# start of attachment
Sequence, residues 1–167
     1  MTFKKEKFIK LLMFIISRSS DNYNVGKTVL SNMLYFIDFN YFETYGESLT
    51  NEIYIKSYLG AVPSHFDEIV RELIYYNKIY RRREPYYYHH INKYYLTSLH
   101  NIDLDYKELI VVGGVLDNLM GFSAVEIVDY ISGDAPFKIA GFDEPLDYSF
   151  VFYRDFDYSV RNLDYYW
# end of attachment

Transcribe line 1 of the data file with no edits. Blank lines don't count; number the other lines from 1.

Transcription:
Sequence, residues 1–167